The science behind color itself is at the heart of printing – and key to meeting the expectations you have for a beautifully printed project. The first step in understanding the boundaries of printable color is to know that the human eye can detect much more color than is possible for your computer monitor to display. In turn, your monitor can show more colors than it is possible to reproduce in offset printing.
The best illustration of this is a color gamut comparison chart where you can actually see the ‘real estate’ involved in each spectrum. (It’s always seemed odd to me that we use this illustration either on a printed page or a monitor… both of which are limiting the actual colors they are trying to represent!) In the figure below, the entire color shape represents all the visible spectrum of light.
The RBG color area represents the specific wavelengths of light your monitor emits, and is clearly a much smaller area. Even smaller is the CMYK gamut showing colors that can be reproduced with printing inks. Cyan, Magenta and Yellow pigments (K or Black is added to create depth, definition and ensure a true black color) work as filters that subtract certain wavelengths of light and reflect others. They combine to create a spectrum of printable color.
Switching a file from RGB to CMYK in PhotoShop on your screen can visually show you the color shift that occurs when you switch to a more restrictive gamut. Try it on a random image and see if you notice a significant loss of color. Some printers prefer you leave your images in RBG mode with ICC profiles attached, while others prefer you go ahead and switch to CMYK mode, as that will inevitably happen before the printing process.
Most cameras and scanners capture color in RGB mode (or to get even more technical, the “sRGB” mode, or a standard definition of what colors can be shown on a computer monitor, as opposed to all the RGB colors that can be seen visually with reflective light). Some cameras have the aRGB (AdobeRGB) definition or a selection called “Raw” – it can capture more colors digitally than you will be able to see, but may be helpful when you edit and adjust your photographs in an editing program such as PhotoShop.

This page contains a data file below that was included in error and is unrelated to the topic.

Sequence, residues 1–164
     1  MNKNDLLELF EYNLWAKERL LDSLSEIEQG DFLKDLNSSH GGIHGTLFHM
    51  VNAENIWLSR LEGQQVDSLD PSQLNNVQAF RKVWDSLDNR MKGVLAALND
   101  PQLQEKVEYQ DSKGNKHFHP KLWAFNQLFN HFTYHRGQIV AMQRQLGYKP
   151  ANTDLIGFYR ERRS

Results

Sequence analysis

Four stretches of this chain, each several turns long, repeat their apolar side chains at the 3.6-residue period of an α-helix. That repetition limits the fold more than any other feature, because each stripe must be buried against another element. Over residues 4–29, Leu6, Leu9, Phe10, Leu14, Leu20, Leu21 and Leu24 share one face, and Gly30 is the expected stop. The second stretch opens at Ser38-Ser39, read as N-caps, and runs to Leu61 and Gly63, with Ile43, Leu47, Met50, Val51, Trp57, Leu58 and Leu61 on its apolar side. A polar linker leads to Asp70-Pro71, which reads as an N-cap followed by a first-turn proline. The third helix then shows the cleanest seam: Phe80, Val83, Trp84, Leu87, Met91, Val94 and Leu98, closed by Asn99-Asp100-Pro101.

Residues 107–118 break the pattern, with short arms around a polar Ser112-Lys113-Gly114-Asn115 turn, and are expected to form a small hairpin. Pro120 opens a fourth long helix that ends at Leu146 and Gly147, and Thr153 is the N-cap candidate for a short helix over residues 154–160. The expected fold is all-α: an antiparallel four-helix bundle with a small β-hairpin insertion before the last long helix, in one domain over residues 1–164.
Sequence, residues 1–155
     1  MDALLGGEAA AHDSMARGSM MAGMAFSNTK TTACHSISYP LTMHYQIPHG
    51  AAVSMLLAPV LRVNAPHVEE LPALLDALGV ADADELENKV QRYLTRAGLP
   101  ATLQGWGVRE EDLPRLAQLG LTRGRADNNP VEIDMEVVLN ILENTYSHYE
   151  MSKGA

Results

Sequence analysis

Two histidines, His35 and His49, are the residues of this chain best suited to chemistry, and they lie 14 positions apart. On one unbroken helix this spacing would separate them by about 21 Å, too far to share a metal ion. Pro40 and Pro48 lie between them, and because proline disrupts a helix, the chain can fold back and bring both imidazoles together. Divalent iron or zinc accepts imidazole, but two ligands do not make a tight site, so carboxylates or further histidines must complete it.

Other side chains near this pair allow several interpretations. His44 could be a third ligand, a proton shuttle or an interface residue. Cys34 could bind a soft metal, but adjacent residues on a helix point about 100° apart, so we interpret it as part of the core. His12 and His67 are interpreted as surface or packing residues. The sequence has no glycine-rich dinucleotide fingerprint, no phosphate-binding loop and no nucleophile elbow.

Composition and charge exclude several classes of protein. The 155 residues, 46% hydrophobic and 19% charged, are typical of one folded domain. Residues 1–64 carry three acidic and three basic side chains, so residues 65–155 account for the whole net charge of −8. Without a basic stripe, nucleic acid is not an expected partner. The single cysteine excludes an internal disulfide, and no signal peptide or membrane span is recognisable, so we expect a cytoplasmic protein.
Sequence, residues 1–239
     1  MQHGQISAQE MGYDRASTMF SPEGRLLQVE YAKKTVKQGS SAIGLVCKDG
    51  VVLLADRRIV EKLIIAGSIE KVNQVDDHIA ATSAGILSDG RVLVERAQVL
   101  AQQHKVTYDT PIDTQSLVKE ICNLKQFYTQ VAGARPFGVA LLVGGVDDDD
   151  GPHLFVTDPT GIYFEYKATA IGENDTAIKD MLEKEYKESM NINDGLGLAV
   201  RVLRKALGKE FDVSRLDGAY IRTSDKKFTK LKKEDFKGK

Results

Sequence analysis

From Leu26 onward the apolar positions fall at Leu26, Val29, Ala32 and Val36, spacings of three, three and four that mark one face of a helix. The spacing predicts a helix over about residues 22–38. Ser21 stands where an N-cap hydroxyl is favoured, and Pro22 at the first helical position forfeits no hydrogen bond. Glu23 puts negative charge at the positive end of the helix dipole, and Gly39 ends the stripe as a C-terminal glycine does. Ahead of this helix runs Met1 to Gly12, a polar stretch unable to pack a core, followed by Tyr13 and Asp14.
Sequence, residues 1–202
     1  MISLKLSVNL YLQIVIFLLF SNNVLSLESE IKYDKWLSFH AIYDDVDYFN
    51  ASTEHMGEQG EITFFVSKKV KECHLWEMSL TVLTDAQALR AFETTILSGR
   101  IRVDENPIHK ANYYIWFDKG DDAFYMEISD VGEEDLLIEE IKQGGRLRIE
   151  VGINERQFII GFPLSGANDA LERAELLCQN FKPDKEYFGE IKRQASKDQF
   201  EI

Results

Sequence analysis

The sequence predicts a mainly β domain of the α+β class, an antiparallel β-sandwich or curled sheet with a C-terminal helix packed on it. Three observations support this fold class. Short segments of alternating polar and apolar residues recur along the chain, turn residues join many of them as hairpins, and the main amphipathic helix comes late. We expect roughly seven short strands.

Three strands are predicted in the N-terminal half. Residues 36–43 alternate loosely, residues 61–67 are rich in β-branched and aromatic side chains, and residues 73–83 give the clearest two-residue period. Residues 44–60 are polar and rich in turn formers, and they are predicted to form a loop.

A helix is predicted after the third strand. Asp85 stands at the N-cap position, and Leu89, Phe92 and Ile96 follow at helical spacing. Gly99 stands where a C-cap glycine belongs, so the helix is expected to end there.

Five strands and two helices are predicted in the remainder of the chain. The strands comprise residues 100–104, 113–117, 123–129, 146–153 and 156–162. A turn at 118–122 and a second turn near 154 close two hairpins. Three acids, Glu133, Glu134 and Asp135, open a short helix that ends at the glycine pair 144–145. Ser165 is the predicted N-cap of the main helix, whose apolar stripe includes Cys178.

Printing methods are able to reproduce only a certain gamut of colors as well. When files contain colors that fall outside of that gamut, the RIP process must decide what to do with those colors – i.e., how to alter them in specific ways to make them become a color which is printable – and this is decided by the Rendering Intent options of the RIP software or printer driver. Rendering intents are mathematical formulas that alter out-of-gamut colors in predefined ways.
When an exact color match is needed on your print project, consider using a spot color ink in your design. Metallic inks also can give a great effect that isn’t possible with combinations of just the 4-color process inks. Paper or media choice will also affect and enhance the quality of printed colors.
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